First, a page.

Walking Into Inheritance

 Each of my children in turn has brought someone home to meet the family. In every case, they were wonderful people. In every case it was an interesting experience; I experienced something of a time warp. 

You see, I’ve been praying for my kids since I first learned that we were pregnant. Part of that – me being the responsible dad and all – included praying for their future spouses. 

So when my kids brought their intended home to meet the parents, several things happened. We celebrated, of course, we blessed the relationship, we continued developing our friendship with them, all the usual. 

But I also recognized that with that announcement that they wanted to marry my son or daughter, they were also stepping into decades of prayer for themselves. Kind of a time warp. Science fiction becomes real. It’s pretty cool, actually. 

It has been interesting, even exciting, to see how these good people are walking in the things I’ve prayed for them since before they or their spouse were even born. And of course, my prayers for them continue these days, but now I have the advantage of knowing who I’m praying for. 

Since then, my kids have been having kids of their own, so now there are grand kids to include in the prayers. I love declaring destiny, generally destiny I hear Father whispering, destiny I see in the Book, or even destiny I see forming in their skills, interests, passions. 

I’ve been enjoying praying for these wonderful humans who share a quarter of  my DNA quite as much as I enjoy lifting up their parents who share a larger share of my DNA. (I find these to be curious thoughts.)

The other day, I was out walking with Father, praying for my heirs and descendants, when I realized that I didn’t need to know exactly whom I was praying for any more than I did when I prayed for my little toddlers’ future spouses.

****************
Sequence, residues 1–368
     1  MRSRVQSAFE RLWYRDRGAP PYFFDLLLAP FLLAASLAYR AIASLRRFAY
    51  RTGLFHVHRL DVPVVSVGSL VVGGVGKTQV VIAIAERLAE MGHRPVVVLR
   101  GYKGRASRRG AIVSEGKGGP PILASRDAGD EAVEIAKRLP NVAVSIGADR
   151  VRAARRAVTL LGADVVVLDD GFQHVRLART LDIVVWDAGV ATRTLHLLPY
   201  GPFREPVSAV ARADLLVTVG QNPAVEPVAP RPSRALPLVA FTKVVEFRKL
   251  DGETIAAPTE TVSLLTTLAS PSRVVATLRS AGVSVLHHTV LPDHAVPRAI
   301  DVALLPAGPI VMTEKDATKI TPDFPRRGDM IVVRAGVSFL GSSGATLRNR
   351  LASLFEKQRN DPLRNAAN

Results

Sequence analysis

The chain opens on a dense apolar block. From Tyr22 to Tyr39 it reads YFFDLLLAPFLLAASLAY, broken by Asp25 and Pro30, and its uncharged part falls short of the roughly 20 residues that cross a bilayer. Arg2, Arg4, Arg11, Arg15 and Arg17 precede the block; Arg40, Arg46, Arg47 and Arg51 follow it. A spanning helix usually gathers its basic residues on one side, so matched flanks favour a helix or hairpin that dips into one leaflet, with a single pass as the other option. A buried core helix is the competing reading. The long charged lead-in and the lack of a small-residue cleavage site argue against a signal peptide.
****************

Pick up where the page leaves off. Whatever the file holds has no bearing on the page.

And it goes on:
So I kept going, speaking life to my great-grandchildren, and their children, my offspring whom I might never meet. Blew my mind a little bit. And then it set me into my place in history, in the grand scheme of goodness that God is in the midst of. 

And yeah, it’s a little like a science fiction time warp. But it turns out that it’s real. And in reality, there’s no reason that any of my (or your) prayers should ever have an expiration date. And if my prayers never expire, then I maybe ought to target those prayers in light of things (and family) to come. 

So as I prayed for every one of my grandchildren’s children, and about their children. Occasionally I would get a glimpse of an individual destiny in the uncertain fog of the future. That always gives me more focus for that (potential) individual. 

(By the way, this isn’t limited to my biological progeny. There are a few individuals who have adopted themselves into a relationship with my family. They get prayed for, too!)

Things get complicated quickly. The average Christian family today has 2.7 kids, I am told. That means  that in a few generations, I might be praying for dozens, maybe even hundreds of of descendants. That’s a bunch of people that I’ve never met (and might never meet), but who will eventually count me among their grandcestors. My blood (or a little of it) will flow in their veins, my DNA (or a little of it) shapes how they will be crafted, my history with God (or a little of it) cut the path that they will walk.